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ABOUT THE AUTHOR
W. H. Auden
W. H. Auden
W. H. Auden was born in York, England, in 1907. He moved...
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FURTHER READING
Poems About Illness
Kaddish, Part I
by Allen Ginsberg
A Litany in Time of Plague
by Thomas Nashe
Afternoon at MacDowell
by Jane Kenyon
Against Elegies
by Marilyn Hacker
Anxieties
by Donna Masini
Auld Lang Syne
by Jennifer L. Knox
Beasts
by Carmen Giménez Smith
Bedside
by William Olsen
Breathing
by Josephine Dickinson
Christmas Away from Home
by Jane Kenyon
Cognitive Deficit Market
by Joshua Corey
Evening
by Gail Mazur
Everyone Gasps with Anxiety
by Jeni Olin
Having it Out with Melancholy
by Jane Kenyon
Her Body Like a Lantern Next to Me
by John Rybicki
Hospital Writing Workshop
by Rafael Campo
Losing It
by Margaret Gibson
Mastectomy
by Wanda Coleman
Phases
by Michael Redhill
Prayer for Sleep
by Cheryl Dumesnil
R.I.P., My Love
by Tory Dent
Sick
by Shel Silverstein
The Embrace
by Mark Doty
The Land of Counterpane
by Robert Louis Stevenson
The Nurse
by Michael Blumenthal
The Sick Child
by Robert Louis Stevenson
The Sick Rose
by William Blake
The Subalterns
by Thomas Hardy
The Transparent Man
by Anthony Hecht
The Visit
by Jason Shinder
To Amy Lowell
by Eunice Tietjens
Tubes
by Donald Hall
Units
by Albert Goldbarth
Visits to St. Elizabeths
by Elizabeth Bishop
Waking in the Blue
by Robert Lowell
When I Consider How My Light Is Spent
by John Milton
Related Prose
Poetic Form: Elegy
Other Elegies
Allegorical Baraka
by Anne Waldman
Another Elegy
by Jericho Brown
By ways remote and distant waters sped (101)
by Gaius Valerius Catullus
Driven across many nations (101)
by Gaius Valerius Catullus
Dusk
by Margo Berdeshevsky
Elegy for my husband
by Toi Derricotte
Elegy in X Parts [Kafka said, A book]
by Matt Rasmussen
Elegy Written in a Country Churchyard
by Thomas Gray
Etta's Elegy
by Maureen Seaton
For the Union Dead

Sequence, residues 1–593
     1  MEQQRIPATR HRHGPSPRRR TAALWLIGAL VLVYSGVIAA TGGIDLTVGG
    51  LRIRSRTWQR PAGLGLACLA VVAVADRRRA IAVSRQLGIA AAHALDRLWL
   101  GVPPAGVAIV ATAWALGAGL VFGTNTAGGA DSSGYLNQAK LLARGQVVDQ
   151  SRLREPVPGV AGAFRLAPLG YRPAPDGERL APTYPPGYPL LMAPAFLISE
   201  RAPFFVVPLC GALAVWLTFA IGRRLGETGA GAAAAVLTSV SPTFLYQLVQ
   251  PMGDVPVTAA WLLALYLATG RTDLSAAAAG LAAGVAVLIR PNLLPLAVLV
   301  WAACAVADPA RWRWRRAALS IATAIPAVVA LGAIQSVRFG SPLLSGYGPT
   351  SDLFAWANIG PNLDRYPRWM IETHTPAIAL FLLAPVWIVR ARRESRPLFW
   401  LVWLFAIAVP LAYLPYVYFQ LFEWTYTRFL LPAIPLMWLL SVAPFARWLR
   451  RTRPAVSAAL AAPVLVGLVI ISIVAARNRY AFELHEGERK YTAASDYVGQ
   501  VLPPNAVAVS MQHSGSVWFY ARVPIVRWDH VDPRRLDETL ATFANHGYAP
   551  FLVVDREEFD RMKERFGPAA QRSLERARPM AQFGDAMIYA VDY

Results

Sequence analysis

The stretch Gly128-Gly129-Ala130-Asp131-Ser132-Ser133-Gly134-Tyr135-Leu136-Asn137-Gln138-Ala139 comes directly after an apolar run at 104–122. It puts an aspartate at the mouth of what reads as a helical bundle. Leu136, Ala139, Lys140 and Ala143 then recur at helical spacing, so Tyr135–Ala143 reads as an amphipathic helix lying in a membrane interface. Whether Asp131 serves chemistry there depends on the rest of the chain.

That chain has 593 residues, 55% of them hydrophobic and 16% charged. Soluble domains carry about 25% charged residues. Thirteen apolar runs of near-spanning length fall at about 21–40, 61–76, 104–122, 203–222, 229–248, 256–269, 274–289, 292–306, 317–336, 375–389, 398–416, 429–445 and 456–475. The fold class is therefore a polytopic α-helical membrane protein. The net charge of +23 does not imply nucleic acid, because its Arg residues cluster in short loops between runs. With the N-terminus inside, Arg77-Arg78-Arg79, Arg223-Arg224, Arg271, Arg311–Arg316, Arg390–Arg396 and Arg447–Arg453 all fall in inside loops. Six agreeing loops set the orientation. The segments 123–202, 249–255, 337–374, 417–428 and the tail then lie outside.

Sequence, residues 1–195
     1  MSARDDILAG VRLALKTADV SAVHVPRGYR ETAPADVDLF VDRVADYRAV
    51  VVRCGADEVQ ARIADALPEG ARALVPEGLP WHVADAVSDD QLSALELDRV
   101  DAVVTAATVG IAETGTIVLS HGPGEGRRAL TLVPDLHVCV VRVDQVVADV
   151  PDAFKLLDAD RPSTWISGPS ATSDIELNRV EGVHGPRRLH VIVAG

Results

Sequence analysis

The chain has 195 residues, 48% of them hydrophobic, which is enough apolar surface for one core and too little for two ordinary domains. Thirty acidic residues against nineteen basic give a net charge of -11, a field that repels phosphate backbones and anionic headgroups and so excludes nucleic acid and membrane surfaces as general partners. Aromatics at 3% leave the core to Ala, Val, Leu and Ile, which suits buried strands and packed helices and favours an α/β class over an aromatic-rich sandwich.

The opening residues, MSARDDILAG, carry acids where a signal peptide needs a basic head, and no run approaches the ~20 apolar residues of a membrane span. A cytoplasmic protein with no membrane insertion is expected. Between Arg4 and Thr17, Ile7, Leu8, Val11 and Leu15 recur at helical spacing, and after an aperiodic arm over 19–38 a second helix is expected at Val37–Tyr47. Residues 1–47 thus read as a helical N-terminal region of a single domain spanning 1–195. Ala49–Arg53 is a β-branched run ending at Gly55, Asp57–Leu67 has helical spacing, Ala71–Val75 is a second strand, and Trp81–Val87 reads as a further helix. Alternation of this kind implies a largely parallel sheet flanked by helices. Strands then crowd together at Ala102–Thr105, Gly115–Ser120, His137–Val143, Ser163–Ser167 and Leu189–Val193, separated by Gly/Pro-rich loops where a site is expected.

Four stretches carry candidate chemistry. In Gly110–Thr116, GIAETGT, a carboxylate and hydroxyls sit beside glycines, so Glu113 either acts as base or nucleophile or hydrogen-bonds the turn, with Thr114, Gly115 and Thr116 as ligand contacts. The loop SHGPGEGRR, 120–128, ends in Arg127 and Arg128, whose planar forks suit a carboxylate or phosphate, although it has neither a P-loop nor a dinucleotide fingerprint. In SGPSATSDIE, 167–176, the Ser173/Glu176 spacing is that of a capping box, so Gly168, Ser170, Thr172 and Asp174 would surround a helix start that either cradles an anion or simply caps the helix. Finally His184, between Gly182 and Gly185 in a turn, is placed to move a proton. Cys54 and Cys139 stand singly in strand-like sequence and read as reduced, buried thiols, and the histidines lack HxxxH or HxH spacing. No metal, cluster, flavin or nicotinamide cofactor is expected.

by Robert Lowell
Friend,
by Jean Valentine
Fugue of Death
by Paul Celan
Lycidas
by John Milton
Making Apple Sauce with my Dead Grandmother
by Bianca Stone
O Captain! My Captain!
by Walt Whitman
Suddenly
by Sharon Olds
Tigers
by Melissa Ginsburg
To An Athlete Dying Young
by A. E. Housman
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In Memory of W. B. Yeats

 
by W. H. Auden

I

He disappeared in the dead of winter: The brooks were frozen, the airports almost deserted, And snow disfigured the public statues; The mercury sank in the mouth of the dying day. What instruments we have agree The day of his death was a dark cold day. Far from his illness The wolves ran on through the evergreen forests, The peasant river was untempted by the fashionable quays; By mourning tongues The death of the poet was kept from his poems. But for him it was his last afternoon as himself, An afternoon of nurses and rumours; The provinces of his body revolted, The squares of his mind were empty, Silence invaded the suburbs, The current of his feeling failed; he became his admirers. Now he is scattered among a hundred cities And wholly given over to unfamiliar affections, To find his happiness in another kind of wood And be punished under a foreign code of conscience. The words of a dead man Are modified in the guts of the living. But in the importance and noise of to-morrow When the brokers are roaring like beasts on the floor of the Bourse, And the poor have the sufferings to which they are fairly accustomed, And each in the cell of himself is almost convinced of his freedom, A few thousand will think of this day As one thinks of a day when one did something slightly unusual. What instruments we have agree The day of his death was a dark cold day.

II

     You were silly like us; your gift survived it all:
     The parish of rich women, physical decay,
     Yourself. Mad Ireland hurt you into poetry.
     Now Ireland has her madness and her weather still,
     For poetry makes nothing happen: it survives
     In the valley of its making where executives
     Would never want to tamper, flows on south
     From ranches of isolation and the busy griefs,
     Raw towns that we believe and die in; it survives,
     A way of happening, a mouth.


III

          Earth, receive an honoured guest:
          William Yeats is laid to rest.
          Let the Irish vessel lie
          Emptied of its poetry.

          In the nightmare of the dark
          All the dogs of Europe bark,
          And the living nations wait,
          Each sequestered in its hate;

          Intellectual disgrace
          Stares from every human face,
          And the seas of pity lie
          Locked and frozen in each eye.

          Follow, poet, follow right
          To the bottom of the night,
          With your unconstraining voice
          Still persuade us to rejoice;

          With the farming of a verse
          Make a vineyard of the curse,
          Sing of human unsuccess
          In a rapture of distress;

          In the deserts of the heart
          Let the healing fountain start,
          In the prison of his days
          Teach the free man how to praise.






From Another Time by W. H. Auden, published by Random House. Copyright © 1940 W. H. Auden, renewed by The Estate of W. H. Auden. Used by permission of Curtis Brown, Ltd.
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